1. Vulcanization Of Rubber: The process of converting hard rubber into a soft pliable material is called vulcanization. The name vulcanization comes from the Roman god Vulcan, the god of fire and is thought of as a 19th century invention from the Europeans. However, the Mayas of Mexico used vulcanization to make rubber balls to play their game of Pok-a-tok as early as 2000 B.C.
|Ancient Vulcanized Rubber Ball Made By Mayas Of Mexico|
This evidence in clearly documented in various Maya chronicles. Also, a similar game called Ulama is still in existence, in the Mexican state of Sinaloa where they still vulcanize rubber using traditional techniques. Rubber sap is boiled with many secret ingredients to make it soft and playable. The ancient Mayan ball game is discussed in the Anthopology Museum of Merida section.
2. Battery: We all know Alessandro Volta invented in the first battery in 1800 A.D. However, the very first battery was invented at least 2000 years ago, found in Modern day Baghdad. This primitive 3 piece gadget caused considerable doubt if it could produce any real electricity.
|Above: The Ancient Baghdad Battery That Produced Electricity|
Nevertheless, when Discovery Channel's Mythbusters created a replica and tested it, they were able to produce four volts of electricity, enough to electroplate a coin. The beauty is that, they did not even use strong, modern-day acid as an electrolyte, they just used lemon juice for the experiment.
3. Seismometer: The equipment primarily used to estimate earthquake's rigor is commonly thought of as an invention made after 1850 A.D. In 132 A.D, the Chinese scientist Zhang Heng invented the first seismoscope made of bronze.
|Above: The Ancient Seismoscope That Detected Earthquakes Accurately|
It looks like a huge pot with about six and a half feet diameter. Around the mouth of this pot, there are 8 dragon heads, each holding a bronze ball. One of the bronze balls would drop into the pot, which would show the severity and the direction of the earthquake. This instrument (called Houfeng Didong Yi) is so accurate, that it can even record very mild tremors, that are not even felt by humans.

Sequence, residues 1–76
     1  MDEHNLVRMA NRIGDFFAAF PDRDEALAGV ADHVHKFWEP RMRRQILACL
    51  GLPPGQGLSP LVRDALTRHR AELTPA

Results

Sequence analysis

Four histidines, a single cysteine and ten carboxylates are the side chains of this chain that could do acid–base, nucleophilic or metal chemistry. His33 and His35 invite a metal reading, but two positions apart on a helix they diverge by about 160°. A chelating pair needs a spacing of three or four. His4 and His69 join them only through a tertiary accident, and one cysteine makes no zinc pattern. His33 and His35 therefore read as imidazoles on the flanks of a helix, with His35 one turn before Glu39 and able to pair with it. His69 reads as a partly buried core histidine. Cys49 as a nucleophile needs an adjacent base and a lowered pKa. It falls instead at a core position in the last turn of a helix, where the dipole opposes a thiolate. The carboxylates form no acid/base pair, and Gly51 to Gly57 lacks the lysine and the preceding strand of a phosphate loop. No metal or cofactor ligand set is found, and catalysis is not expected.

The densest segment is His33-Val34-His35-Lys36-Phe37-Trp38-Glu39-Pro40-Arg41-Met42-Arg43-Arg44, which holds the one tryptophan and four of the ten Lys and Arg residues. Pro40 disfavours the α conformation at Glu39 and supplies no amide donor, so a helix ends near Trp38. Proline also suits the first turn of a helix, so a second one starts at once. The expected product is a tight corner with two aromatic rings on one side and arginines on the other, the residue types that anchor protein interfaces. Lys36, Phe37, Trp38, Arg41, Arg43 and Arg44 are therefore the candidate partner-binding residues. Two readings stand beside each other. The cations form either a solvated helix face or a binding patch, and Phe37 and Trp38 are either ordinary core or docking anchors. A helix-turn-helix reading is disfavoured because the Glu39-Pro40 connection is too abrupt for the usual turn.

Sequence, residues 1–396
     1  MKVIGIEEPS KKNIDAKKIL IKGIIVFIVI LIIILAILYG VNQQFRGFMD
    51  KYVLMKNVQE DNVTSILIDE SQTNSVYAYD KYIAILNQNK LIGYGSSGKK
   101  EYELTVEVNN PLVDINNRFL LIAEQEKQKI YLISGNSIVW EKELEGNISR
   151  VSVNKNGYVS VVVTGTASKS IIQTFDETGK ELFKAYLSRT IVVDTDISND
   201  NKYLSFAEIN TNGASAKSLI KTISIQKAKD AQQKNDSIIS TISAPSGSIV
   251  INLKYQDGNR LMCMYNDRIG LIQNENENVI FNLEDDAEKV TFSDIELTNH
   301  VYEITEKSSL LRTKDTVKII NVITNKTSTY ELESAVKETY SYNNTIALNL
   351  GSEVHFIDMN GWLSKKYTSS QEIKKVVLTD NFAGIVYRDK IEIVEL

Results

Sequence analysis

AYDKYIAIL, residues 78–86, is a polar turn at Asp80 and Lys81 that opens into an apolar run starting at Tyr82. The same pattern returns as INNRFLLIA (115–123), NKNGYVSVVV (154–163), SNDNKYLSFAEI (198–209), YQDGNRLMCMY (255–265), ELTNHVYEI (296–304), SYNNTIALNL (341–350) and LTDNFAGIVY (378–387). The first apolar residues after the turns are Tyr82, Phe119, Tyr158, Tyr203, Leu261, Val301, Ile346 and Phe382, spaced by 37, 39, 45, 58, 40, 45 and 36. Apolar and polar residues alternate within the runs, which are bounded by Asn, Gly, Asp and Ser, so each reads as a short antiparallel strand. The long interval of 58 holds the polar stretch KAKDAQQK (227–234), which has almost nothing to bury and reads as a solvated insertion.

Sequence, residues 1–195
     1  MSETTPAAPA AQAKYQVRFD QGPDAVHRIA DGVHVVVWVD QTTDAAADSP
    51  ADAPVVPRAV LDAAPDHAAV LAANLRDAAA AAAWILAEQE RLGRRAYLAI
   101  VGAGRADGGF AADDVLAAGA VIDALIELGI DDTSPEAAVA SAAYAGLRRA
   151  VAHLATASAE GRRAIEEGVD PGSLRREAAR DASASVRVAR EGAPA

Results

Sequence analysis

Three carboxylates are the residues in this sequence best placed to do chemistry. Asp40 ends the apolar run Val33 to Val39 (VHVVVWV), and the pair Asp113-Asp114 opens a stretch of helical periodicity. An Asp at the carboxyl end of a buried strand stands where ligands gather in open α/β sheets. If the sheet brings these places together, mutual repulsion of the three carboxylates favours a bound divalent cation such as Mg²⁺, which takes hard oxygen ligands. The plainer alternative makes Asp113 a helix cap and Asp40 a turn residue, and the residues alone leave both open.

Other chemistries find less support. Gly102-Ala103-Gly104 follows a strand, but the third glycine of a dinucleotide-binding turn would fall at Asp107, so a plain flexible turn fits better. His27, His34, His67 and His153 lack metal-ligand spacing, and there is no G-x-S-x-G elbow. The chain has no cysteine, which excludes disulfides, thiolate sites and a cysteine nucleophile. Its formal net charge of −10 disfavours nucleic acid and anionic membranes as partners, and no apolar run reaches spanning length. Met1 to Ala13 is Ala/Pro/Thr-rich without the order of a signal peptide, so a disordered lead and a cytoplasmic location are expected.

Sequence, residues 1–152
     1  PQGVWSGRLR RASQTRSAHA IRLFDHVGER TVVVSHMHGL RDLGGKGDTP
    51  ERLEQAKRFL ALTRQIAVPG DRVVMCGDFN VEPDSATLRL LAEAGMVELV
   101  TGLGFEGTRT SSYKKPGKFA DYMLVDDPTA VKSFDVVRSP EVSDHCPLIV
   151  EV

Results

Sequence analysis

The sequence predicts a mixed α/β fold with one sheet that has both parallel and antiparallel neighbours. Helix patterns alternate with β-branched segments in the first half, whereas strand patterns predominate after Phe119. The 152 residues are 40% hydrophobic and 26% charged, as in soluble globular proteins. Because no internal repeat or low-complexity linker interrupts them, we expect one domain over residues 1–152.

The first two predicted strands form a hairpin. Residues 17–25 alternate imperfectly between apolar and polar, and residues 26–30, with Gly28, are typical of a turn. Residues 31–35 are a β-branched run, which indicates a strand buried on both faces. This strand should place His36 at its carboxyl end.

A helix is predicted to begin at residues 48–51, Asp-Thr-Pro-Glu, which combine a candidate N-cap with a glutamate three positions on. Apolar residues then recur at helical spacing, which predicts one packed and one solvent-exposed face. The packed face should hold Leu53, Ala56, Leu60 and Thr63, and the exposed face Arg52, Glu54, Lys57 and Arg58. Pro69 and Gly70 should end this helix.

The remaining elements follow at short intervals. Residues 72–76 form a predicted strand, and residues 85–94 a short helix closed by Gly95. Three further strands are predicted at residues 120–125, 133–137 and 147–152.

|Above: A Replica Made By Chinese That Is In Working Condition|
This invention and its recordings are noted in the court records of the later Han dynasty in 132 A.D.
Advanced surgeries were performed by the Indian physician Sushruta around 6th Century B.C. His surgical procedures are clearly documented in the book called "Sushruta Samhita". This book is extremely advanced and contains 184 chapters with various surgical techniques. Documentation of probing, incision, extraction, excision, caesarian, cataract surgery and even fitting prosthetic limbs are found in the book.
|Above: A Portrayal Of The Ancient Surgeon Sushruta, Who Documented Advanced Surgical Procedures|
Also explained is the technique of anesthesia to make the procedure painless to the patient and less cumbersome to the physicians. Another interesting feature of the book is its voluminous description of plastic surgery. Modern day Rhinoplasty (Nose Job), grafting of the skin, and even labioplasty are clearly explained in the book. In fact, the book became so popular, that it was translated to Arabic as Kitab-i-Susrud in the 8th century CE.
5. The Freeze-Dryer:
Freeze-drying or lyophilization, is the removal of water content from frozen food to create a near-perfect preservation. Freeze-dried food lasts longer than other preserved food and also becomes lighter, which makes it perfect for long distance and even space travel. While this process is thought of as developed during the second world war, The Incas of Modern day Peru used this technique at least 500 years ago. They stored their food crops in the granaries strategically built on mountain tops of Ollantaytambo and Machu Picchu.